Attorney Suspended for Mishandling and For Failing to Account for Client’s Funds


A client signed a fee agreement with an attorney for representation in her divorce. On June 26, 2013, as a condition of the signed fee agreement, the client tendered to the attorney $8,000.00 as a retainer for a divorce case and for a real estate closing. Upon receipt of the check, the attorney deposited the funds into her Interest on Lawyer’s Trust Accounts (“IOLTA”).


The following day, the attorney withdrew $5,500.00 and used it for purposes unrelated to the client. At this time, the attorney had neither earned this money, nor sent a bill to the client. Over the next month, the attorney continued to withdraw funds from the IOLTA until the account balance was approximately $1,000.00.

In early December 2013, the client terminated the attorney-client relationship. At the time of termination, the attorney had spent all but $500.00 of the money she had withdrawn, failed to provide the client with an accounting of the funds and did not return the $500.00 for several months.


The client reported the attorney to the Board of Bar Overseers, who subsequently found violations, including the following:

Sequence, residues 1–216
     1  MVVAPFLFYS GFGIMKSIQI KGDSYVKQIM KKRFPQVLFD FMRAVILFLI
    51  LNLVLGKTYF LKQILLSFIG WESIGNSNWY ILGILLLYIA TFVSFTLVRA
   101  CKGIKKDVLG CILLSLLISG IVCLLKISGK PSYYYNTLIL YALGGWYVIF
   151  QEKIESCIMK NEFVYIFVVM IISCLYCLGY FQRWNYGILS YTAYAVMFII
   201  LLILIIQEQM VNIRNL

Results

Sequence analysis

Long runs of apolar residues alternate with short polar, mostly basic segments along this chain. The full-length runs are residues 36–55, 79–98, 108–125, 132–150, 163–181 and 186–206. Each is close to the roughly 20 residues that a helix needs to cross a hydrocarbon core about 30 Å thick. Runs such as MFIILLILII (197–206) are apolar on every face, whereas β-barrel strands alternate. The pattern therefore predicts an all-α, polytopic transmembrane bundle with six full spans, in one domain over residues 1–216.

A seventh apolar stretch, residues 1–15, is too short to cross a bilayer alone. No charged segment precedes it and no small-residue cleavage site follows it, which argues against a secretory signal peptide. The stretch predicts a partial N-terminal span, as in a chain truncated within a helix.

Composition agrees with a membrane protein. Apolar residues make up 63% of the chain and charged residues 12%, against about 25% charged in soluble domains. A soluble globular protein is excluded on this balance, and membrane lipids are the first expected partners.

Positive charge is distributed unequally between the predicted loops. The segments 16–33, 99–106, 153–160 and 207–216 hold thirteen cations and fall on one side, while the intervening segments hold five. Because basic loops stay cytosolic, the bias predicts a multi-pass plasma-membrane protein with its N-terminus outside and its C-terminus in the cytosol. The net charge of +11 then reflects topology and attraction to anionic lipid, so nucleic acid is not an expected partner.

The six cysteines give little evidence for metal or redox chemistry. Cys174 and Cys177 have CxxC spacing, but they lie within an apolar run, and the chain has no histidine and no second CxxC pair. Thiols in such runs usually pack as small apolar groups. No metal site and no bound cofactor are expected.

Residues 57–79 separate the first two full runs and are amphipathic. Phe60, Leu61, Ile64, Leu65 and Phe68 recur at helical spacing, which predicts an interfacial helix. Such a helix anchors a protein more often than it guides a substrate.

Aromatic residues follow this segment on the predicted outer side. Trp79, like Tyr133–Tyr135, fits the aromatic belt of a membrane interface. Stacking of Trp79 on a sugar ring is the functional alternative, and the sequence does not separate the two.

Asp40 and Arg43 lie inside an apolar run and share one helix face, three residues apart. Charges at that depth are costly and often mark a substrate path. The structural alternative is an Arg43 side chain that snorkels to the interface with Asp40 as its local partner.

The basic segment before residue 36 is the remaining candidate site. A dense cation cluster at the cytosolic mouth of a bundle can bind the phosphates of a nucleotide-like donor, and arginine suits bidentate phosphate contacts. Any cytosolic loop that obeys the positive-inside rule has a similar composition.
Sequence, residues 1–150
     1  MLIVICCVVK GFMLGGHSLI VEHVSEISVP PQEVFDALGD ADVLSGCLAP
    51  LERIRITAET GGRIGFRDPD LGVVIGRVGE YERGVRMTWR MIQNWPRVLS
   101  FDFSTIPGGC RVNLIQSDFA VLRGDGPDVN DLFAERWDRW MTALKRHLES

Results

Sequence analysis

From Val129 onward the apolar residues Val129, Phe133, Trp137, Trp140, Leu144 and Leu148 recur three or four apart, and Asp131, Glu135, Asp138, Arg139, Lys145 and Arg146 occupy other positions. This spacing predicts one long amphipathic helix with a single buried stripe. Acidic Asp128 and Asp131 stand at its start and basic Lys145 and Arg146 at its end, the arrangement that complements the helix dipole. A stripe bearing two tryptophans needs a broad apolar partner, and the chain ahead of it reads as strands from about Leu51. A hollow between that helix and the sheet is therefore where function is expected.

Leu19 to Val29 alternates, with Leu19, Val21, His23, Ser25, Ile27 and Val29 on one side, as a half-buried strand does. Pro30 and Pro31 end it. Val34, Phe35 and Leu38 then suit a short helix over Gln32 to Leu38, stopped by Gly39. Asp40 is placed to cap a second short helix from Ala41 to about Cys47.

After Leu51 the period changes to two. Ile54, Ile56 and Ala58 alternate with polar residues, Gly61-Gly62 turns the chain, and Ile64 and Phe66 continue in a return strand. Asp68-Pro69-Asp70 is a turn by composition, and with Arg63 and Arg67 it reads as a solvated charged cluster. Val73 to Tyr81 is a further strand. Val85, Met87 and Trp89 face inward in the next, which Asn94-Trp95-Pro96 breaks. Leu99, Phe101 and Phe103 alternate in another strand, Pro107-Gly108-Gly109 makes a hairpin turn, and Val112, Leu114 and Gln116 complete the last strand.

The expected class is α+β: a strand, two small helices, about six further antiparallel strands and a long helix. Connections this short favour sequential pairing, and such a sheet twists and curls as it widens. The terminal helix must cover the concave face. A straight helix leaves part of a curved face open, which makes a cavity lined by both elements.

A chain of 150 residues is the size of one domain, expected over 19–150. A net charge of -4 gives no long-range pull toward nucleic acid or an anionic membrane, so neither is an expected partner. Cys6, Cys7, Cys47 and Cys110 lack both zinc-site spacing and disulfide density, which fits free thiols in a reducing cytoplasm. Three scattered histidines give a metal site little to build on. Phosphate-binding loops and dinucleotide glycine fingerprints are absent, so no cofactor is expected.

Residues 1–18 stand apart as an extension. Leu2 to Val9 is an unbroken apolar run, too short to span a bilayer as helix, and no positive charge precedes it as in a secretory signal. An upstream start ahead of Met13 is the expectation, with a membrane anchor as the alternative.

1. By withdrawing from her IOLTA account and misusing the client’s funds, knowing that she had not earned those funds, the attorney failed to hold trust funds in a trust account, in violation of Mass.R.Prof.C. 1.15(b)(1); and intentionally misused trust funds, in violation of Mass.R.Prof.C. 8.4(c) and (h).
  2. By failing to promptly render to her client a full written account of his retainer funds upon his request, the attorney violated Mass.R.Prof.C. 1.15(d)(1).
  3. By failing to refund the unearned portion of the retainer at the termination of the representation, the attorney violated Mass.R.Prof.C. 1.16(d).


Bar counsel then reached an agreement with the attorney under which she would stipulate to the facts and receive a 1 year suspension, six months of which would be stayed for two years. As a condition of staying the suspension, the attorney was required to execute and comply with an accounting probation agreement. On July 11, 2016, the Supreme Judicial Court entered an Order, affirming the agreement.


The case is: In Re Marcia Rose Calcagni



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